At The Briq on 4th Street Apartments in Bentonville, Arkansas, we believe it’s important to live life vigorously. In order to do so, you must educate yourself on the regular basis with lifestyle-enhancing tips, such as these. With this blog post, we seek to improve your way of life through education that promotes self-care.
With that being said, many foods often present themselves as healthy, when they are really anything but nutritional. It’s all in the packaging, with words like “sugar-free,” “reduced fat,” and so forth. However, once you look on the back of the box at the nutrition facts label, you might be surprised to find out otherwise. In other words, the branding might distract you from the fact that while the product is low in sugar, it’s high in saturated fat, cholesterol, or sodium. Don’t be fooled – here are four types of foods (and drinks) that you should stay away from at the grocery store, per nutritionists and other experts on the matter.
Pre-made smoothies are often made using fruit juice as a base, making them high in both added sugars and calories. For example, a 20-ounce pre-packaged smoothie can be upwards of 200 to 1,000 calories, one to 30 grams of fat, and fifteen to 100 grams of added sugar. It’s a smarter option to invest in a blender to make your own smoothies from the comfort of your apartment home. All the ingredients needed are frozen fruits and vegetables, low-fat milk, yogurt, and protein powder.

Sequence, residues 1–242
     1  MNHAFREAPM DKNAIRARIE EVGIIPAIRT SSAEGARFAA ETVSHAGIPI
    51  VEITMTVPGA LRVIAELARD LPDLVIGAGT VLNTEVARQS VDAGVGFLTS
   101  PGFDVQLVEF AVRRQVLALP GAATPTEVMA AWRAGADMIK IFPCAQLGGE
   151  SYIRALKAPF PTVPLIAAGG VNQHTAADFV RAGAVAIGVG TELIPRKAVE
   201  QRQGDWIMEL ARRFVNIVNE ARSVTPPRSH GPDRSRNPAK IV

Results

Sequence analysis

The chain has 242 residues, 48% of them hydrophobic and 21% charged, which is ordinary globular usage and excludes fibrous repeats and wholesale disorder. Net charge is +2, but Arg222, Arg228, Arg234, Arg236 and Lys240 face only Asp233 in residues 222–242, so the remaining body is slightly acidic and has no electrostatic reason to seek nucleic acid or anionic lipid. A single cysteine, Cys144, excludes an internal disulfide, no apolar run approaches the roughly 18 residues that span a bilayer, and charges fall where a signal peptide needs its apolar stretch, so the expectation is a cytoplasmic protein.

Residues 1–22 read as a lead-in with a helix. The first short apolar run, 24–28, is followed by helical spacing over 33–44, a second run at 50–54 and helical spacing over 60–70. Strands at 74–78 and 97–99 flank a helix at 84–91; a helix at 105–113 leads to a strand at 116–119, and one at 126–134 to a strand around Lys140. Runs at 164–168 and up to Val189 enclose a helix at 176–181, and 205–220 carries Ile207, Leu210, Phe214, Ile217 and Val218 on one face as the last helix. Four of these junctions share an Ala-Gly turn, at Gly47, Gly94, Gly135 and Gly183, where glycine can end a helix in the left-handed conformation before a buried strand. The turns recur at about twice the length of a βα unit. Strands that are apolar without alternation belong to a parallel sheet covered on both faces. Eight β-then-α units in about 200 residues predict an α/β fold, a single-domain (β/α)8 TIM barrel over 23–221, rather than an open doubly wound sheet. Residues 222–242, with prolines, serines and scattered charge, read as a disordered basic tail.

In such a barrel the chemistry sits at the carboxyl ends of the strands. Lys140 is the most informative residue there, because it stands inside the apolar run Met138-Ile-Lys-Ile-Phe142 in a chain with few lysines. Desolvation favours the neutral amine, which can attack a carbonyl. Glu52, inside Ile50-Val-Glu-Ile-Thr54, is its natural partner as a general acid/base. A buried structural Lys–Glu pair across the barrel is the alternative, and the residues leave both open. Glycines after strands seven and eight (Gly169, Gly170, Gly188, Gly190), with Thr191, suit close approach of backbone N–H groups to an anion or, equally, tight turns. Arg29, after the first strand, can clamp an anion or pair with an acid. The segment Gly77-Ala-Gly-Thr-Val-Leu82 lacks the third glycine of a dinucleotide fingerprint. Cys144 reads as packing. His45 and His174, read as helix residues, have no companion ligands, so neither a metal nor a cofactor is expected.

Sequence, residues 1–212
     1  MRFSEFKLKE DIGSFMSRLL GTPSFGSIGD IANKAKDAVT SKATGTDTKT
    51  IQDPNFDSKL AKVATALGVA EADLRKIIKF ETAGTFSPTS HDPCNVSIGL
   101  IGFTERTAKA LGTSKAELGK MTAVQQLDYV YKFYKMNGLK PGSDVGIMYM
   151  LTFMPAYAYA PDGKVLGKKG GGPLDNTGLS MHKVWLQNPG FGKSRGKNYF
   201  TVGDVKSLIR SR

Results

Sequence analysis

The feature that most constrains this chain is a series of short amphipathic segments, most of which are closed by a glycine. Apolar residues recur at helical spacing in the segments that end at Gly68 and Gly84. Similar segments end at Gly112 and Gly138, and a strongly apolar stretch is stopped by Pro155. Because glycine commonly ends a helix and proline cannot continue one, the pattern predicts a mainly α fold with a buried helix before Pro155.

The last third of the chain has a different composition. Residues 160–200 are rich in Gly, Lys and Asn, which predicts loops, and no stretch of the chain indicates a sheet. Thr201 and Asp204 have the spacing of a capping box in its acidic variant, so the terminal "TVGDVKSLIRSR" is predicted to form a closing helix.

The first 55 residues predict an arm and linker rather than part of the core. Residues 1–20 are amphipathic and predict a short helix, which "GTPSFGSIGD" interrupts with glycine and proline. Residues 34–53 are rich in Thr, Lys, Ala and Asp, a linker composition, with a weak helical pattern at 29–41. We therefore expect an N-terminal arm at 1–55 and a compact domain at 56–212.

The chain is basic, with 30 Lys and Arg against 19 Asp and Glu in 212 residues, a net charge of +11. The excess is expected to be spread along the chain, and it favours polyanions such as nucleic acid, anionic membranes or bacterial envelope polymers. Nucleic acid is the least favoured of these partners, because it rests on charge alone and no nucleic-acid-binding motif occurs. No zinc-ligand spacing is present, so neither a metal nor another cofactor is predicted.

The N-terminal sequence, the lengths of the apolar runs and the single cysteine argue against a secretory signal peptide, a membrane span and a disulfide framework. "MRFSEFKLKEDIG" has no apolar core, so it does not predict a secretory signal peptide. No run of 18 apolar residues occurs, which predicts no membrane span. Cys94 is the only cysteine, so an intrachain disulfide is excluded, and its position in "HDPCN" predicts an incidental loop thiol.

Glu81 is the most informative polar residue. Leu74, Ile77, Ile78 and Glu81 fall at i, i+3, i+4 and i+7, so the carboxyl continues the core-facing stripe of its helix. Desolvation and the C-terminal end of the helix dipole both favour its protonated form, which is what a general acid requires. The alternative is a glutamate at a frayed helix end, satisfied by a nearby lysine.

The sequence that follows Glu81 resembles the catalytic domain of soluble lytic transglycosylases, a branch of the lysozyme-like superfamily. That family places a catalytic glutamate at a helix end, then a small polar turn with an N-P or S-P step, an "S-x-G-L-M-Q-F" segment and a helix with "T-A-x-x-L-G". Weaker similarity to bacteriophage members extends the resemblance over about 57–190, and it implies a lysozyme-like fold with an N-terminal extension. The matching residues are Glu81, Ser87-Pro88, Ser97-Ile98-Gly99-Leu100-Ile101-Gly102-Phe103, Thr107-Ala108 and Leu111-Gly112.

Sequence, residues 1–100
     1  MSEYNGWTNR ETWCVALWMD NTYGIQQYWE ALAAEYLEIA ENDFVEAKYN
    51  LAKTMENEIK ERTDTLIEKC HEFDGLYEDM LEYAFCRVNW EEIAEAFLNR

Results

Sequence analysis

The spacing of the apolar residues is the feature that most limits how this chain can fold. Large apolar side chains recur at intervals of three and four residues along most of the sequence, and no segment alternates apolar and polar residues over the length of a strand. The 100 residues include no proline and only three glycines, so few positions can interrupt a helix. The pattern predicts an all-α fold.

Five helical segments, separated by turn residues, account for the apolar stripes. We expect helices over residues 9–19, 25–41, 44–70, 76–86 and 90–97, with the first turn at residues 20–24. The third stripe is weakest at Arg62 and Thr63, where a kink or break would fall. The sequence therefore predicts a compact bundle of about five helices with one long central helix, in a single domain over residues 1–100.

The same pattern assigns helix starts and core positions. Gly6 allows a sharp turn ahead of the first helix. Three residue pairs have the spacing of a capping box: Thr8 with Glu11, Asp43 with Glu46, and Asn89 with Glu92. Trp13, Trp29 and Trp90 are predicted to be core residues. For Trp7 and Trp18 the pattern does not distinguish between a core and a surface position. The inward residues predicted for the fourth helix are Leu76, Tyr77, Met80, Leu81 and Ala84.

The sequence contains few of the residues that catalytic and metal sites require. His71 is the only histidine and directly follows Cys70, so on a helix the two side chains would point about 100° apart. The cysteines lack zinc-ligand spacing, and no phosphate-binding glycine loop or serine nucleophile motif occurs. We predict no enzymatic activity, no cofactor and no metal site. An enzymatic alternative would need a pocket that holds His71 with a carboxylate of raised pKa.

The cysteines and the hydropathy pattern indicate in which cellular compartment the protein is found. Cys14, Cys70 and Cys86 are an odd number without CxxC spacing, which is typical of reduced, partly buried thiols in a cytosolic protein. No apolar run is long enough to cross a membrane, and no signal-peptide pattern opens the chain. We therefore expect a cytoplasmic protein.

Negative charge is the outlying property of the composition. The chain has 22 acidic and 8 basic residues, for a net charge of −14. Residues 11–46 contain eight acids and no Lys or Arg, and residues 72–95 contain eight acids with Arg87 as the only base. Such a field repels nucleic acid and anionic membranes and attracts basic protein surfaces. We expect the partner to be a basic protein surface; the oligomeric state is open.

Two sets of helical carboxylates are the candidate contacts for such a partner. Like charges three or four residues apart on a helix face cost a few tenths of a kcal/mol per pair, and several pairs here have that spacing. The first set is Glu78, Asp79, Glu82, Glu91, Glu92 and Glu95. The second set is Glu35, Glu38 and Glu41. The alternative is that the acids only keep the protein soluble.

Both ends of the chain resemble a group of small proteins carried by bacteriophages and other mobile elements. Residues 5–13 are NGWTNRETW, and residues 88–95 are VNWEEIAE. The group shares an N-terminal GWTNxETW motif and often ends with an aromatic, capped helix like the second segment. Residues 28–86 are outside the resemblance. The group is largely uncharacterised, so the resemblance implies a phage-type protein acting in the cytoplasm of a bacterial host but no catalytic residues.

While beef jerky is an excellent option for providing protein on the go, most selections of this dried beef snack are chock-full of sodium, in order to preserve the meat to begin with. The bad news for someone indulging in beef jerky is the increased sodium intake can cause water retention and bloat. There are alternatives, however. Give low-sodium turkey jerky a shot – it is basically just as delicious as the original concept, but you can skip all of the extra salt!
Full-fat cheese packs on saturated fat, which most nutritionists recommend limiting. Since cheese is also high in protein and calcium, though, can fat-free cheese serve as the perfect compromise? Well, not necessarily. Fat-free cheese is missing the same consistency as real cheese. Not only does it not melt well, but it also lacks a creamy mouthfeel. Skip this rubbery substitute for the suggested serving of real cheese with fruit and whole-grain crackers. It’s definitely one of those foods not worth compromising upon!
No matter if it's made from potatoes or vegetables, a fried chip is a fried chip. The damaging ingredient isn't necessarily the food being fried, anyway. It’s really the saturated and trans fats being used in the frying process. Plus, most veggie chips contain the same amount of calories as regular potato chips. And, did you know most pre-made versions at the grocery store also include potatoes? Try baking your own veggie chips from kale, carrots, or zucchini to cut back on the fat and sodium and amp up the nutrients!